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Lme And Commodity Murabaha
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Lme And Commodity Murabaha

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A Presentation I delivered alongside Simone Carminati discussing some of the Shari\'a issues related to LME metals based commodity murabaha/reverse murabaha/tawarruq transactions from a very practical …

A Presentation I delivered alongside Simone Carminati discussing some of the Shari\'a issues related to LME metals based commodity murabaha/reverse murabaha/tawarruq transactions from a very practical perspective, while attempting to explain the rationale of the International Fiqh Academy.

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  • 4/2 The commodity sold should be well identified so as to become distinct from other assets of the seller. 4/5 …Moreover, the commodity should not return back to the seller by virtue of prior agreement or collusion between the two parties, or according to tradition.4/7 The client should not delegate the institution or its agent to sell, on his behalf, a commodity that he purchased from the same institution and, similarly, the institution should not accept such delegation. 4/8 The institution should not arrange proxy of a third party to sell, on behalf of the client, the commodity that the client purchased from the institution.4/9 The client should not sell the commodity except by himselfor through an agent other than the institution, and should duly observe the other stipulations.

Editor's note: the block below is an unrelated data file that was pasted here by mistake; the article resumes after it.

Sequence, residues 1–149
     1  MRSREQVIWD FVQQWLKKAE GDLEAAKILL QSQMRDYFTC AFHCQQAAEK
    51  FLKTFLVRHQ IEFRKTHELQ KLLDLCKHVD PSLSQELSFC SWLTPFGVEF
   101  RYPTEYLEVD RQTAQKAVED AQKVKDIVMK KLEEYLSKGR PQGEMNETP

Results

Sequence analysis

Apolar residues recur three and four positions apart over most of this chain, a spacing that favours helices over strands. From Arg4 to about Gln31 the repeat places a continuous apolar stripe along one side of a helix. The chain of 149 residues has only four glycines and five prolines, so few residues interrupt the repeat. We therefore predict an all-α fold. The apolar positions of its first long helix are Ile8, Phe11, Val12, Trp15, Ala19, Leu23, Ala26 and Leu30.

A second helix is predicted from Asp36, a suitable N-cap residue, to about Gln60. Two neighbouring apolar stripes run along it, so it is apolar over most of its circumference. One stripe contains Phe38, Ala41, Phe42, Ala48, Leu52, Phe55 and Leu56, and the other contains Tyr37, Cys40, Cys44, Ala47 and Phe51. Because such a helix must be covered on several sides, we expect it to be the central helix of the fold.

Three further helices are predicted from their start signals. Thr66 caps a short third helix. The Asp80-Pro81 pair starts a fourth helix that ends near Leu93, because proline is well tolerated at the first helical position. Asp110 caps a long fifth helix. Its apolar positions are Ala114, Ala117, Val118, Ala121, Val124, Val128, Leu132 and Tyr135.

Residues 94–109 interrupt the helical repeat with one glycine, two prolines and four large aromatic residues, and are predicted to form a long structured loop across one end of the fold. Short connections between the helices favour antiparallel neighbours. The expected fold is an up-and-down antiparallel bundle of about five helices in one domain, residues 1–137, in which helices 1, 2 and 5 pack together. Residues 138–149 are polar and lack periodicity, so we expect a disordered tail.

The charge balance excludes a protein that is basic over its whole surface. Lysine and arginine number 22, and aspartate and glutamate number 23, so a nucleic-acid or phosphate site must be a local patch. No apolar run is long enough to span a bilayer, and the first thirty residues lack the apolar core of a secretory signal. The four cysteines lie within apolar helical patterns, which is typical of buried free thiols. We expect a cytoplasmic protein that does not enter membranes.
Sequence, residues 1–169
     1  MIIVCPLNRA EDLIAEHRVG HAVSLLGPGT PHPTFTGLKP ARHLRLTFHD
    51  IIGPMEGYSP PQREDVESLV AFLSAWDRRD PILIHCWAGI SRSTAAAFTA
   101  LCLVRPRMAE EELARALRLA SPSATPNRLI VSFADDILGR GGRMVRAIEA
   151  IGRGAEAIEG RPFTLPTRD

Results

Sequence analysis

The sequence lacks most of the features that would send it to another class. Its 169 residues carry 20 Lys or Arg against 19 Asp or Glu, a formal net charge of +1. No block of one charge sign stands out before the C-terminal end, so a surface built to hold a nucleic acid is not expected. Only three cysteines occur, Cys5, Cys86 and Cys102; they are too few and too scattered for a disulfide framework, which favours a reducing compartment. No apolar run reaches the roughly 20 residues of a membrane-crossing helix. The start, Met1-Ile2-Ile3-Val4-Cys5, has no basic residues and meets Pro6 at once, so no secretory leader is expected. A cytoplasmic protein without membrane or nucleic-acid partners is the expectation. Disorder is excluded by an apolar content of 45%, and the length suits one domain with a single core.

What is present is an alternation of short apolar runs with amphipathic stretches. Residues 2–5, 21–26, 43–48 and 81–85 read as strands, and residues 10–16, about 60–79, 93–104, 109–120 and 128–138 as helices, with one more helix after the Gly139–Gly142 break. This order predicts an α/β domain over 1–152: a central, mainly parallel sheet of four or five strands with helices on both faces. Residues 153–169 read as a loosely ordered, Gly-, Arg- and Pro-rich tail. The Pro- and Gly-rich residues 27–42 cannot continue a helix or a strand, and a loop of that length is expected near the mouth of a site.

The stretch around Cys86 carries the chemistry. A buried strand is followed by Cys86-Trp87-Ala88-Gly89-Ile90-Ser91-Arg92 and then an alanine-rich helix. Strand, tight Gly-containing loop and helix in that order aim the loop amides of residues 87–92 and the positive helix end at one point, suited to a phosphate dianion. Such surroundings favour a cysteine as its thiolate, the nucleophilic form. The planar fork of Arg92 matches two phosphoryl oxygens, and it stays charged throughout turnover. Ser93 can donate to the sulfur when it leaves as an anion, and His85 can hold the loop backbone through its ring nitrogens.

Transcript

  • 1. Synthetic Commodity TransactionsShari’a Issues and ChallengesSayd FarookPhD,BBus,LLB,CIPASenior Consultant | Structuring and Legal06 December 2009
  • 2. Global Leader in Islamic Financial Innovation
    • Launched in 2004, Dar Al Istithmar is a venture between Russell Wood and Oxford Islamic Finance
    • 3. Independent from its shareholders, Dar Al Istithmar offers:
    • 4. Shari'a Consultancy Services
    • 5. Shari'a Monitoring / Purification Services
    • 6. Shari’a Compliance Reviews
    • 7. Islamic Finance Arranging and Advising *
    • 8. Dar Al Istithmar’s Shari'a Supervisory Board comprises world renown scholars
    • 9. Dar Al Istithmar won the Euromoney awards for the “Best Islamic Assurance and Advisory Services” for two consecutive years.
    * Subject to FSA approval. Expected in 2010